To Deborah Franklin
ALS: American Philosophical Society
This letter is the first document connected with the long trip the Franklins took to the north of England and to Scotland in the summer and early autumn of 1759. The honors paid Franklin and the new friends he made mark this journey as one of the high points of his first mission to Great Britain. Documentation is inadequate to provide precise dates for the entire itinerary, but the following chronology shows, with most dates only approximate, the course of the Franklins’ travels:3
August 8?: The two Franklins and servant Peter leave London.
August 10? to 29: In Derbyshire, Manchester, and Liverpool.
August 29: Leave Liverpool for Lancaster and the North.
September 1?: Arrive in Edinburgh.
September 1? to 17?: In Edinburgh.
September 5: Franklin admitted burgess and gild brother of city of Edinburgh.
September 8: William Strahan calls on Franklin in the morning.4
September 11: Dines with magistrates, the Duke of Argyll, Lord Lyttelton, Strahan, and others.
September 13: Breakfasts with Strahan; dines with Alexander Kincaid.
September 17?: Travels from Edinburgh to Glasgow.
September 17? to October 4?: In Glasgow, then traveling: through Dumbarton, Argyll (Inverary),5 and Perth, and at St. Andrews in Fife.
September 19: Franklin admitted burgess and gild brother of the city of Glasgow.
October 2: Franklin receives freedom of the burgh of St. Andrews.
October 4?: Returns to Edinburgh.
October 6 to 12: Visits Sir Alexander and Lady Dick at Prestonfield.
October 12: Leaves Prestonfield to start return journey.
“Some weeks” spent on return, visiting Lord Kames in Berwickshire and traveling through Yorkshire and Lincolnshire, arriving in London by November 2.6
Liverpool, Augt. 29. 1759
My dear Child,
I wrote to you largely just before we left London;7 we have been out now almost 3 Weeks, having spent some time in Derbyshire among the Gentry there to whom we were recommended, as also at Manchester and this Place. We shall set out to day for Lancaster. The Journey agrees extremely well with me; and will probably be many ways of use to me. Billy presents his Duty, and Peter. I am not certain whether we shall continue our Route to Scotland or return thro’ Yorkshire and Lincolnshire to London but expect to meet Letters at Lancaster that will determine me. I long much to hear from you and shall endeavour to return early next Spring. My Duty to Mother, and Love to Sally and all Friends. I am, as ever, my dear Debby, Your affectionate Husband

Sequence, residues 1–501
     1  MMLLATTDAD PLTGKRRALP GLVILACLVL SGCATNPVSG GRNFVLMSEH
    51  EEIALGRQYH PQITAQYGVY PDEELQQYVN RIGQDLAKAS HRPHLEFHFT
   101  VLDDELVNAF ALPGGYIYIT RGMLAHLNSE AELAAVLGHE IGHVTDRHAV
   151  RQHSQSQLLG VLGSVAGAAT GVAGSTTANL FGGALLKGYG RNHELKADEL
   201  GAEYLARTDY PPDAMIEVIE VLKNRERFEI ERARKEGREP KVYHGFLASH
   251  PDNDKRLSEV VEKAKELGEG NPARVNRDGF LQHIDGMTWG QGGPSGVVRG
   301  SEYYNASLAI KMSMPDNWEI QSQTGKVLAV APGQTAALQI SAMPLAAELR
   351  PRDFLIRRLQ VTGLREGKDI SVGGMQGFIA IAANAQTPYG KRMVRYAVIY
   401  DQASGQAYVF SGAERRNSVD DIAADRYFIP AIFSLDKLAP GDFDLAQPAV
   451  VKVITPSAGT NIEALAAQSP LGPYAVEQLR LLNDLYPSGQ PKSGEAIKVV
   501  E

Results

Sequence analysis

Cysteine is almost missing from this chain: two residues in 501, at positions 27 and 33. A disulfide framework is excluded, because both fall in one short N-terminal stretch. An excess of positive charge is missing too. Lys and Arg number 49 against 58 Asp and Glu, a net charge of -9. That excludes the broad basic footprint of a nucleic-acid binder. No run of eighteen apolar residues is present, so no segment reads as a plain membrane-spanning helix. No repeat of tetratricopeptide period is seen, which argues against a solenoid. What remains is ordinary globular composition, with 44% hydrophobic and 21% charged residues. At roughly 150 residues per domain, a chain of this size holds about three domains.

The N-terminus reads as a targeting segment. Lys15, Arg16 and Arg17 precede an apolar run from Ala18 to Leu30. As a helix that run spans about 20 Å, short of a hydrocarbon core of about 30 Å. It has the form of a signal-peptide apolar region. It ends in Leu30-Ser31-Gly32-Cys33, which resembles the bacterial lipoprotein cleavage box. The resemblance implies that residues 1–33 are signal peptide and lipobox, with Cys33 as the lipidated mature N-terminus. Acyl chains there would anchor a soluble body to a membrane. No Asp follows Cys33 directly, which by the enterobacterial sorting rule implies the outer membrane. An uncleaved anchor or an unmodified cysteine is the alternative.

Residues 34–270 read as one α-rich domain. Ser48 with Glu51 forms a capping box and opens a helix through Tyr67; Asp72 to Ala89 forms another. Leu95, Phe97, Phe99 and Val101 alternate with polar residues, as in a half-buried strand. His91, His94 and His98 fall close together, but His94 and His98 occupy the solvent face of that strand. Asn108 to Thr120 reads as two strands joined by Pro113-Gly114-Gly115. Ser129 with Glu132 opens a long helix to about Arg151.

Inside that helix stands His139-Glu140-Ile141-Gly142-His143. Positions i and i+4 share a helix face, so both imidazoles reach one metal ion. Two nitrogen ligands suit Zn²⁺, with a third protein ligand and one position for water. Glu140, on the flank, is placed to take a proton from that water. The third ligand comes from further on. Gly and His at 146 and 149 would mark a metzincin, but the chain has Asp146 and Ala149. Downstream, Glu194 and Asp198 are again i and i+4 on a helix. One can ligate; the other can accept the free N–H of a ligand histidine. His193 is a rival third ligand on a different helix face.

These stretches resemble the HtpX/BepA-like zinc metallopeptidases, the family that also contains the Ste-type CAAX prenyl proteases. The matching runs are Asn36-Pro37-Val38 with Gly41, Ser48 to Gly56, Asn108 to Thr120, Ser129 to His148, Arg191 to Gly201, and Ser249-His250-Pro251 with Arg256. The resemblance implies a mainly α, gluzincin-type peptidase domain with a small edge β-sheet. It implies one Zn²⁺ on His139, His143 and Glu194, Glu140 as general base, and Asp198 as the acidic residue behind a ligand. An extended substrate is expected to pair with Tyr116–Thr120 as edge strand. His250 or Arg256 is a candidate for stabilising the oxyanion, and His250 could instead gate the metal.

Addressed: To / Mrs Franklin / at the Post Office / Philadelphia / via New York / per Two Sisters / Capt Pollard
3. An extended account of this journey, though with some details necessarily supplied by reconstruction and with some differences from the present editors’ interpretation of documents, is in J. Bennett Nolan, Benjamin Franklin in Scotland and Ireland 1759 and 1771 (Phila., 1938), pp. 11–96.
4. This and the next two entries are based on William Strahan’s diary, APS.
5. After returning to London Strahan reported to David Hall that when he left Edinburgh September 25, the Franklins “were gone to Inverary [seat of the Duke of Argyll] from whence they talked of returning in about ten Days.” To Hall, Oct. 6, 1759, APS.
6. BF to Sir Alexander Dick, Jan. 3, 1760, N.Y. Pub. Lib.; to Lord Kames, Jan. 3, 1760, Scottish Record Office. In his “Account of Expences” BF made three entries dated August 7, then left two pages blank (probably with the intention of recording later what he had spent on the journey) and dated the next London entry November 2 (p. 48).
7. Probably a reference to his letter of August 6 (above, pp. 423–4).